Signals at interlockings
NW Mailing List
nw-mailing-list at nwhs.org
Mon Aug 12 18:11:49 EDT 2013
Ken and Jimmy,
As you indicate, in most instances the signals were used only to indicate
route and the engineer was pointed to the ETT to get speed information for
a particular route. Don't have an ETT handy, did they have an entry to
cover sidings in general, something like "shall not exceed 30 mph while in
a siding"? Looks like with something like that prescribed in the ETT, they
could have used a diverging clear and prevented the unnecessary slow downs
that Ken described. Do you think it really was just to same the cost of
two more lamps on the lower arm? Do we have/know anybody that worked with
the signal department that might be able to shed additional light on this?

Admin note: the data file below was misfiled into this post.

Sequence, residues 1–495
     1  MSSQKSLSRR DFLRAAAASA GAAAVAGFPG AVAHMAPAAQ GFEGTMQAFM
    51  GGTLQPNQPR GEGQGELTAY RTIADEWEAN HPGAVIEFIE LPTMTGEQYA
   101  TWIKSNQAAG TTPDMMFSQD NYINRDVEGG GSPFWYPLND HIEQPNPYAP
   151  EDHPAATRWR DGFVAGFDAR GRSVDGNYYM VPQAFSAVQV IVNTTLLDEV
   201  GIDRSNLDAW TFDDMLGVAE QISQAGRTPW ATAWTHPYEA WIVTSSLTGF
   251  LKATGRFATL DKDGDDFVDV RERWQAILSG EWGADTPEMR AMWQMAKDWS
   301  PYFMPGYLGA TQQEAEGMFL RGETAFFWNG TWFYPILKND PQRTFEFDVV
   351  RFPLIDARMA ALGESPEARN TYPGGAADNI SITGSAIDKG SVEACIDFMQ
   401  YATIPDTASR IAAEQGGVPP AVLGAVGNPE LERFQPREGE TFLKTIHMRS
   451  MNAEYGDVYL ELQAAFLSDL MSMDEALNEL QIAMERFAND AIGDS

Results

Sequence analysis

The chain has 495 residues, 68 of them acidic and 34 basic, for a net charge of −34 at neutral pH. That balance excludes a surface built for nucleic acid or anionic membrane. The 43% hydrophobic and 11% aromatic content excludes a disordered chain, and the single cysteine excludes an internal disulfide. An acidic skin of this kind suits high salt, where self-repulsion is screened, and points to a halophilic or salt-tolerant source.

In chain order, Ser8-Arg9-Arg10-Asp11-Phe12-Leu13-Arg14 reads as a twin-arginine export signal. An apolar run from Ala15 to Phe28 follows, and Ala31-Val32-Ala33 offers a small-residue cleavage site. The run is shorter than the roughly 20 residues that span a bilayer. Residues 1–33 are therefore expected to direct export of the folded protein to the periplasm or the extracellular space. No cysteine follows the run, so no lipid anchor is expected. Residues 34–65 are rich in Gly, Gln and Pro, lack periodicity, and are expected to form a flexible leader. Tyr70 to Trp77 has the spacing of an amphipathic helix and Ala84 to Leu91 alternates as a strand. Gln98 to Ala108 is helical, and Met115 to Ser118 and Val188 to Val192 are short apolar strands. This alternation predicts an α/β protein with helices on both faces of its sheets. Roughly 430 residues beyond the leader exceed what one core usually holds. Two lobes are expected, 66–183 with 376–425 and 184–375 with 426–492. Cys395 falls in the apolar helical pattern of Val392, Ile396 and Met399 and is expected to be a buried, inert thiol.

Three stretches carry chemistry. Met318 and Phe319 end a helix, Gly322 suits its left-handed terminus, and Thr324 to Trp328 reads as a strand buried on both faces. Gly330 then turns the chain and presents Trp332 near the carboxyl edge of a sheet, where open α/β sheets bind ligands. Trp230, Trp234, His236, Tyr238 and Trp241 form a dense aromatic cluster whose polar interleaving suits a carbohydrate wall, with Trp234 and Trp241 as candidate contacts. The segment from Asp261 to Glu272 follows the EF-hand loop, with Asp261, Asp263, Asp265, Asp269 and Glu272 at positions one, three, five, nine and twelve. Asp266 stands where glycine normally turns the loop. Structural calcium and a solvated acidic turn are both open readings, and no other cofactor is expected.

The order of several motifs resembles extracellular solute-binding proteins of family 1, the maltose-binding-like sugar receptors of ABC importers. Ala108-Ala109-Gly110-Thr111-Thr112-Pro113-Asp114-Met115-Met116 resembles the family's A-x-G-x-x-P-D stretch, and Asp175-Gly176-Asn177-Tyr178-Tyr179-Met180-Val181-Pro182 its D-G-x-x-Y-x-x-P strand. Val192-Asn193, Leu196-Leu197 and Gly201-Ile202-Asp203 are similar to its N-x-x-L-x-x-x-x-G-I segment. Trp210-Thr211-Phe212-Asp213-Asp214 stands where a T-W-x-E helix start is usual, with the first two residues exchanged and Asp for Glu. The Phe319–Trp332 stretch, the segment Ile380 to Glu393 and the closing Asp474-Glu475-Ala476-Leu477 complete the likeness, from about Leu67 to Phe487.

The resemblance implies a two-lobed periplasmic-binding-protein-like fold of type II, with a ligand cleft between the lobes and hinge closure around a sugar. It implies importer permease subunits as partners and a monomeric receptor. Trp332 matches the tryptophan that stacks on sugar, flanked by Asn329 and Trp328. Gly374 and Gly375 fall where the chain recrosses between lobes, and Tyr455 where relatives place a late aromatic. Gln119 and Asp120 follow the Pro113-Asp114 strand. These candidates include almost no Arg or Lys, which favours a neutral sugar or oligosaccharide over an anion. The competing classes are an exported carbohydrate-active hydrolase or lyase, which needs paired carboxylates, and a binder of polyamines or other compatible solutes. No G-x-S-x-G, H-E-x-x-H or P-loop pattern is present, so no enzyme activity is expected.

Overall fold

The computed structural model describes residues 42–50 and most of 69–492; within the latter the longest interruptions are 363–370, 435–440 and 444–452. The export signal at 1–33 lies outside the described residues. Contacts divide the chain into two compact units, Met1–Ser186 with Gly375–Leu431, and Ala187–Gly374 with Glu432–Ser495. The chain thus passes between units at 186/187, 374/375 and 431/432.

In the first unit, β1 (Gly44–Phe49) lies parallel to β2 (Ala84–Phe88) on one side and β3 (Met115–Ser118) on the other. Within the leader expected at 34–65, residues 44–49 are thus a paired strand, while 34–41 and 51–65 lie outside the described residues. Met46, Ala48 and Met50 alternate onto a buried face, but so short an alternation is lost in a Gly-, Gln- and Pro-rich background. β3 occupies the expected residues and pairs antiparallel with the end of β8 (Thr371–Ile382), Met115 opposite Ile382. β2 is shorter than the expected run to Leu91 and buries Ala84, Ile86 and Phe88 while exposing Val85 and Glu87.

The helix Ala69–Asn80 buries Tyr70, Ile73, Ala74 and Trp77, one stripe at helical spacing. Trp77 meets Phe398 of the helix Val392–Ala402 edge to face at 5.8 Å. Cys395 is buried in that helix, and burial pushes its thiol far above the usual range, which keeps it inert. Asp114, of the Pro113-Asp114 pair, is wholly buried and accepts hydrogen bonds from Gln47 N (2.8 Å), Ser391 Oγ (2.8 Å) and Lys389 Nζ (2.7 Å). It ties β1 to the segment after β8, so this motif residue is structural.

On Mon, Aug 12, 2013 at 2:52 PM, NW Mailing List
<nw-mailing-list at nwhs.org>wrote:
> On 8/12/2013 11:12 AM, NW Mailing List wrote:
>> You probably wouldn’t want a train to travel above medium speed on the
>> siding track, so there probably is no need for the signal to display the
>> diverging clear aspect.
> The Diverging Clear signal would only tell the crew that the next signal
> is favorable. The definition would be to "proceed through turnout at
> prescribed speed". The speed through the turnout and siding or other main
> track would be prescribed in the employee timetable.
> Jimmy Lisle
> NW-Mailing-List at nwhs.org
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